Americans for Tax Reform has come out strongly against Senate Bill 77, a “blight tax bill” sponsored by Sen. Forrest Dunbar of Anchorage.
The legislation would allow local government jurisdictions to levy a “blight” tax on property deemed by local authorities to suffer from “blight,” and the tax could be as high as 50% of the property’s current tax.
This could be seen as a taking by the government of property, when there is no definition given by the legislation as to what constitutes “blight.”
“ATR opposes this new tax and its dangerous corresponding expansion of local regulatory authority,” the organization wrote on April 5.
“Seemingly intended to reduce the prevalence of unattractive buildings or those in disrepair, SB 77 implements a framework permitting municipalities to define blighted property and penalize them with a special tax. As written, however, this framework would prove to be one of the broadest local blight-tax authorizations in the nation. Municipalities could adopt virtually any definition of blight, while simultaneously slapping on a heavy new tax burden of up to 50% of existing property taxes,” ATR pointed out.
“For a resident of Anchorage paying the median property tax, a 50% blight-tax hike translates to an additional $1,782 in annual property taxes,” the organization wrote.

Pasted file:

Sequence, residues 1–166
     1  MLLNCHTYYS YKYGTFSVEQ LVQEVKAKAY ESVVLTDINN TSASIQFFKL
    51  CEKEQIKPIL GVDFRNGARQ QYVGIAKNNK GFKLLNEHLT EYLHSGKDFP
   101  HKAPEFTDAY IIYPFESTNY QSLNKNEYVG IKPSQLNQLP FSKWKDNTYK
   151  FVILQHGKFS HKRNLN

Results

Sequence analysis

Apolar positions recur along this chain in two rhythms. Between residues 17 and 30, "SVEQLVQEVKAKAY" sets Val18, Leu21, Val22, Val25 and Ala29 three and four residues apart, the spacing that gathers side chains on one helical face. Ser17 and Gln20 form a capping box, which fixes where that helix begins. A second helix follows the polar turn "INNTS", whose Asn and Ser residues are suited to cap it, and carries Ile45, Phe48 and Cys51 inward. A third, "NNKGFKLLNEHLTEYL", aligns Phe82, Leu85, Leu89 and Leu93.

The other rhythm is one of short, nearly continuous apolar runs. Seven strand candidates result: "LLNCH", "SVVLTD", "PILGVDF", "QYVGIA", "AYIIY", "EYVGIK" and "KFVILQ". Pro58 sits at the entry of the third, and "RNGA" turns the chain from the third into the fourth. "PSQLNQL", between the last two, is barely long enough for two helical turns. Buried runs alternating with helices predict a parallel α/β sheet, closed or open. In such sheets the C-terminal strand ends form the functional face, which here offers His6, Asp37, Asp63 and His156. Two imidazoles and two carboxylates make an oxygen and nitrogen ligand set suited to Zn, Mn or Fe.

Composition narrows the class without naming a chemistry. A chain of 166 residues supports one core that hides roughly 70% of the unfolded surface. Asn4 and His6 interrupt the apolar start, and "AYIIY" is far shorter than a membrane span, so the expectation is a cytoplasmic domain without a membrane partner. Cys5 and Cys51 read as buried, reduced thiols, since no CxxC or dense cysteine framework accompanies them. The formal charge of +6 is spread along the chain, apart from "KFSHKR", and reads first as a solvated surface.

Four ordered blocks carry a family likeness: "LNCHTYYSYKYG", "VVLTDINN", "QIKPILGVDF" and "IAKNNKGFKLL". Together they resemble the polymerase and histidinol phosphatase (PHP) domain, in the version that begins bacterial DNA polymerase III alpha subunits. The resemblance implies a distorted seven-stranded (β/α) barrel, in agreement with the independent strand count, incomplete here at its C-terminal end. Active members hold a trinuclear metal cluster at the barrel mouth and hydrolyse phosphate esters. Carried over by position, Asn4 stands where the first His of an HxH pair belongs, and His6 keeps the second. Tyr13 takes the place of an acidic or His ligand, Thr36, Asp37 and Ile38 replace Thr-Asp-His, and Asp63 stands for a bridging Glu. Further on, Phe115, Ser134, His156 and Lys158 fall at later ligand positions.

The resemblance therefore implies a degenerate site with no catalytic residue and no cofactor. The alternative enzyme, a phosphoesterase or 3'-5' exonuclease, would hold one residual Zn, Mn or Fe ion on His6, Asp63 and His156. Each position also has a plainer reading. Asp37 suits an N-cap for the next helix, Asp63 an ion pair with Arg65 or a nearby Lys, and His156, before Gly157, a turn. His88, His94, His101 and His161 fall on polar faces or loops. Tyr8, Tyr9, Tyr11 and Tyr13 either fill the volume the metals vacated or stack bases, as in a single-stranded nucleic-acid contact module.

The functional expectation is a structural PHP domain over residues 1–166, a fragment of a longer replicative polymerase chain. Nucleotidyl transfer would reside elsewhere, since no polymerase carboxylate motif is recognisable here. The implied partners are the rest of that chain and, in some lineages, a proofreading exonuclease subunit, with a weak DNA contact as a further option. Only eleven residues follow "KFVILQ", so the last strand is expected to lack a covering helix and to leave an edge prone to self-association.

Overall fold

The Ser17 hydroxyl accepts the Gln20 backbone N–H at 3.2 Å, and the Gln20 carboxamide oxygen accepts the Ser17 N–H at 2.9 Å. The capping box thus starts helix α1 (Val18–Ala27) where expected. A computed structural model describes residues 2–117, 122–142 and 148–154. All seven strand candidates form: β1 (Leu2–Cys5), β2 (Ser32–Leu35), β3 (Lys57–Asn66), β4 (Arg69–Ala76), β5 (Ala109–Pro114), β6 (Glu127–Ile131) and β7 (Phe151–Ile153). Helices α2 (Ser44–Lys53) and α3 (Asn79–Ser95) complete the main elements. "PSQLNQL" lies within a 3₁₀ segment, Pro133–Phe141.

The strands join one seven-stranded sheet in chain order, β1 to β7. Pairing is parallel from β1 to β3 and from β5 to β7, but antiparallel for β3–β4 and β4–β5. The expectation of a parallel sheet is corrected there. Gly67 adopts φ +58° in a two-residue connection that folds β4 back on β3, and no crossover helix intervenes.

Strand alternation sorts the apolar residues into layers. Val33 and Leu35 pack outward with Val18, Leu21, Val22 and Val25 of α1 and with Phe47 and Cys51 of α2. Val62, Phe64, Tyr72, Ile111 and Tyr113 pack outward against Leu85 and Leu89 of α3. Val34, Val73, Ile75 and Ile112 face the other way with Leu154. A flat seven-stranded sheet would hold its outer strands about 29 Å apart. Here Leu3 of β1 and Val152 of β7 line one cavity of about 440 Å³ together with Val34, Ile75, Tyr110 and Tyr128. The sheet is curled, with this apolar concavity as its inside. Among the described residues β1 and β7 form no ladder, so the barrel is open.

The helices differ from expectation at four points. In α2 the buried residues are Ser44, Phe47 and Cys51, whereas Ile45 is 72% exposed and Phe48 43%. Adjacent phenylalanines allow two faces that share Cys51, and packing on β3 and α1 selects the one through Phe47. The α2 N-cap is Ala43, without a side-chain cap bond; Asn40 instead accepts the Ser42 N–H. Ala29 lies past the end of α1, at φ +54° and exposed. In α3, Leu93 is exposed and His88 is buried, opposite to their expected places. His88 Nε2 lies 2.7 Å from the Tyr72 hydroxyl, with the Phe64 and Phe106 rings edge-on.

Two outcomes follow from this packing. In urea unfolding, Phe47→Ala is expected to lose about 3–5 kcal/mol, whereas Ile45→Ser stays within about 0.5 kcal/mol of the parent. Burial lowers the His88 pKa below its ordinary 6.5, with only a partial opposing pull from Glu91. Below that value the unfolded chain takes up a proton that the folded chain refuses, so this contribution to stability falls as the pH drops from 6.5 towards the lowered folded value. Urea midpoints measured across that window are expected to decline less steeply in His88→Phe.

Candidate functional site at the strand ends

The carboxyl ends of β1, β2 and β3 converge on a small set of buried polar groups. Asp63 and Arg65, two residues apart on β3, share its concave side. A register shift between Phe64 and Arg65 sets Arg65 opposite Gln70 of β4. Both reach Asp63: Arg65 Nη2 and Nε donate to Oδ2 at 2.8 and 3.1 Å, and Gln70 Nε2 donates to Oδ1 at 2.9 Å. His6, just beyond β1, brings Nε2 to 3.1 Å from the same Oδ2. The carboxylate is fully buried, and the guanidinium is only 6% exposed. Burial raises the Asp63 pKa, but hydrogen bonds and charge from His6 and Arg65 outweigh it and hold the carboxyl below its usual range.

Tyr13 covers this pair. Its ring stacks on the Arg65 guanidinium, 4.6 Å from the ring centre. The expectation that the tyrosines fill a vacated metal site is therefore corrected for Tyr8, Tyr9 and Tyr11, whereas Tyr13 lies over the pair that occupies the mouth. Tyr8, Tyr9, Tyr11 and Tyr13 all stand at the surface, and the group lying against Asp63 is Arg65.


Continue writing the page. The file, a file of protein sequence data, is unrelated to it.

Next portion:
The opportunity for abuse are significant. Blight-tax legislation in other states overwhelmingly include specific definitions of what may constitute blighted property, or at the very least offer parameters that a municipality must adhere to when creating and enforcing the tax, ATR noted. “Narrow definitions are critical to preventing overzealous city councils from arbitrarily broadening the blight- tax base in search of more revenue.”
SB 77, with cosponsor Sen. Matt Claman, has been fast-tracked through the Senate and may be heard in the House Community and Regional Affairs Committee as early as this week.
“Unfortunately, SB 77 fails to provide even one such limitation on what might constitute a blighted property. The framework before you is ripe for abuse by city officials and county governments, leaving low-income Alaskans to suffer any number of consequences, including foreclosure on their homes,” ATR said.
It’s not hypothetical. As an example, ATR pointed to how last year in Springfield, Ill., a resident was charged $63,000 in repair costs to his home. Unable to pay the bill, his home was placed in receivership and ultimately foreclosed.